A court in Paris has opened the trial of French news website Rue89, which is being sued for libel by Lola Karimova-Tillyaeva, the youngest daughter of Uzbek President Islam Karimov.
Karimova-Tillyaeva is taking legal action over an article that described her as a "dictator's daughter" who uses charity events and pays for Western celebrities to "whitewash her country's image" in the West. Karimova-Tillyaeva is demanding 30,000 euros ($42,700) from the news site for moral damages.
The article titled "AIDS -- Uzbekistan Cracks Down at Home but Puts on Show at Cannes" was published on May 20 last year, ahead of the Cinema against AIDS events at the annual Cannes Film Festival. Karimov's eldest daughter, Gulnara, co-chaired the event.
The article says that while Gulnara Karimova co-hosted a charity ball dedicated to the campaign against AIDS, Uzbekistan had imprisoned an activist for distributing information about HIV prevention methods.
The activist, Maksim Popov, was sentenced to seven years in prison by an Uzbek court, which ruled Popov's leaflets were "contrary to the mentality and moral basis of the Uzbek people's society, religion, culture, and traditions."
Karimova-Tillyaeva reportedly has not objected to or mentioned Popov's case in the Rue89 article. The president's daughter, however, rejects the article's claim that she paid 190,000 euros ($271,000) to actress Monica Bellucci to attend a charity event in Paris organized by Karimova-Tillyaeva in February last year.
Augustin Scalbert of Rue89 is "optimistic" about the case.
The author, Augustin Scalbert, says he has enough "documents" to prove the claims made in his article. Scalbert told RFE/RL's Uzbek Service that he was "optimistic" about the court ruling in Paris, "because France is a country which respects freedom of press."
"As a French media [outlet], we can publish an article in which it's written that Lola Karimova is a dictator's daughter because that's a fact. But in law we have to prove that her father is a dictator," Scalbert said.
"It's going to be quite easy for us because six years ago there was a massacre in Uzbekistan and there are lots of opponents who are imprisoned, tortured. So that's quite easy to show he is a dictator."
Proving Karimov A Dictator
Today's hearing comes just days after the sixth anniversary of that massacre -- the popular uprising in the eastern city of Andijon, which was brutally suppressed by government forces with the loss of many lives.
Among the witnesses testifying in the court hearing is Mutabar Tojiboeva, an award-winning human rights defender in Uzbekistan.
Tojiboeva, the head of the rights organization Fiery Hearts Club in the eastern city of Ferghana, was imprisoned in Uzbekistan after being accused of slandering government bodies and holding unauthorized rallies, among other charges.
Is Uzbek President Islam Karimov a "dictator"?
Tojiboeva, who's now based in Europe, said she would support the Rue89 article's standpoint that "Karimov is a dictator."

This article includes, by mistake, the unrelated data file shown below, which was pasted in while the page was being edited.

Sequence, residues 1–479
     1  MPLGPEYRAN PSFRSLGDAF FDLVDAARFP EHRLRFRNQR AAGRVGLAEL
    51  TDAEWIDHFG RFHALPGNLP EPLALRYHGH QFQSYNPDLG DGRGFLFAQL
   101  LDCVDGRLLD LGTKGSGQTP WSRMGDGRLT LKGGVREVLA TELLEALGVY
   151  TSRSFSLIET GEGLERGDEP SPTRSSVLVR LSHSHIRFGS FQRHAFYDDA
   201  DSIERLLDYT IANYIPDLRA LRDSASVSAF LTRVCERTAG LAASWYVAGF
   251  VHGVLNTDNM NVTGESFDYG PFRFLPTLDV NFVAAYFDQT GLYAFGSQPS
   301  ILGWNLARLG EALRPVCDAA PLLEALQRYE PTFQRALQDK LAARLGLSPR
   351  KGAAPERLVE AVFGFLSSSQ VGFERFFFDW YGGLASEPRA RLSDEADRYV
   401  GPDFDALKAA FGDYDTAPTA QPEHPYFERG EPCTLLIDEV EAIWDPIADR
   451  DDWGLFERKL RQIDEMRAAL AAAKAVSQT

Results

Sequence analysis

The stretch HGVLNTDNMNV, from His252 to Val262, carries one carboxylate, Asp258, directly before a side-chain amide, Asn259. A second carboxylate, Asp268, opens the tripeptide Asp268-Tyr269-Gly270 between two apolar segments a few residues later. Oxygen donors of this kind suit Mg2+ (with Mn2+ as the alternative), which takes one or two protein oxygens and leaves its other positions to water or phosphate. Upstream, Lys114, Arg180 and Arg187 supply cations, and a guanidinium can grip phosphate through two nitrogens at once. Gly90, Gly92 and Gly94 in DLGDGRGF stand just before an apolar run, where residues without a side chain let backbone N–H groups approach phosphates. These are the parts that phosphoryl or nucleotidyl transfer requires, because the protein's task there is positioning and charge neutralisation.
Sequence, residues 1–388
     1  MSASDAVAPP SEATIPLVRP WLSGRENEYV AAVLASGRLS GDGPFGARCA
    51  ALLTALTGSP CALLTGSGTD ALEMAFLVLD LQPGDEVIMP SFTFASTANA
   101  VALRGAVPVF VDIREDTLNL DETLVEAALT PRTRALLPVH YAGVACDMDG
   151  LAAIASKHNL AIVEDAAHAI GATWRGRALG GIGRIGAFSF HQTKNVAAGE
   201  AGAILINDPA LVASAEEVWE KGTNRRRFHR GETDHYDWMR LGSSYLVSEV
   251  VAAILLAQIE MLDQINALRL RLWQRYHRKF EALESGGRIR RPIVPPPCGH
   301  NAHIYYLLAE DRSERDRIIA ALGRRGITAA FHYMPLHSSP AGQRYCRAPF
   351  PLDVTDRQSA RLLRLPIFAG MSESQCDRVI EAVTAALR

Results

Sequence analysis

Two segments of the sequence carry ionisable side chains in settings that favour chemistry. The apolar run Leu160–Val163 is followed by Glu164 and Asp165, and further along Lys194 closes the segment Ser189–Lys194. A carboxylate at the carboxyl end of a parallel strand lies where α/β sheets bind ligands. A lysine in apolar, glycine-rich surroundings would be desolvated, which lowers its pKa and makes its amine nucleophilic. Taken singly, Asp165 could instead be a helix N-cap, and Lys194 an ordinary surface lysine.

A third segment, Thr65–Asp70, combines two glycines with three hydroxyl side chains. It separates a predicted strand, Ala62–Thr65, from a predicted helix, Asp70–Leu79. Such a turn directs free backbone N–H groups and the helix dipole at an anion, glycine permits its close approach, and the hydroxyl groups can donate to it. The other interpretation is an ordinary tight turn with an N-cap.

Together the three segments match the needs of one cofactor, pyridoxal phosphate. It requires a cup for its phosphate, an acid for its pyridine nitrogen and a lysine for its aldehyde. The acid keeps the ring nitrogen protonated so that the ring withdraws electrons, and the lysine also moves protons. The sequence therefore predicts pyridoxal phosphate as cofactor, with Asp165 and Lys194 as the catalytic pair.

"I will begin my witness account saying Karimov is a dictator," she said. "I have more than enough documents to prove Karimov is indeed a dictator, and I will give these documents to the court."
In Uzbekistan not everyone, however, considers Karimov a dictator. During a recent RFE/RL roundtable debate on the issue, Ochil Mirzoev, an entrepreneur from the southeastern Bakhmal district, noted that Uzbekistan under Karimov had greater freedom of religion than in France, which has placed restrictions on women's Islamic clothing.
Shining Spotlight On Uzbekistan
Karimov's critics and rights activists believe the trial and Karimova-Tillyaeva's unprecedented decision to sue Rue89 will actually serve to turn the spotlight on Uzbekistan's human rights situation and lack of freedoms.
The Paris-based Reporters without Borders says it "will certainly use it to draw attention to the regime’s disgraceful record on respect for media freedom, which has worsened even more in recent months."
"The lawsuit would be laughable if the human rights and media-freedom situation was not so disastrous in Uzbekistan," the group said.
"Lola Karimova would not have had to sue in order to silence an outspoken news outlet in her own country. Nor do the Uzbek courts offer the same judicial guarantees as those in France. The way despots and their relatives take advantage of the judicial system in democratic countries is outrageous."
Gulnara Karimova at the Cannes Film Festival in 2010
Since her appointment to her current post as Uzbekistan's ambassador to UNESCO in January 2008, the 32-year-old Karimova-Tillyaeva has been based in Paris.
In its "Despot Index
" last month, "Newsweek" magazine listed Karimov alongside such leaders as Libya's Muammar Qaddafi and those of North Korea, Belarus, and Zimbabwe.
His daughter Gulnara also topped "Foreign Policy
" magazine's 2009 list of the worst daughters of world leaders.
written by Farangis Najibullah with material from RFE/RL's Uzbek Service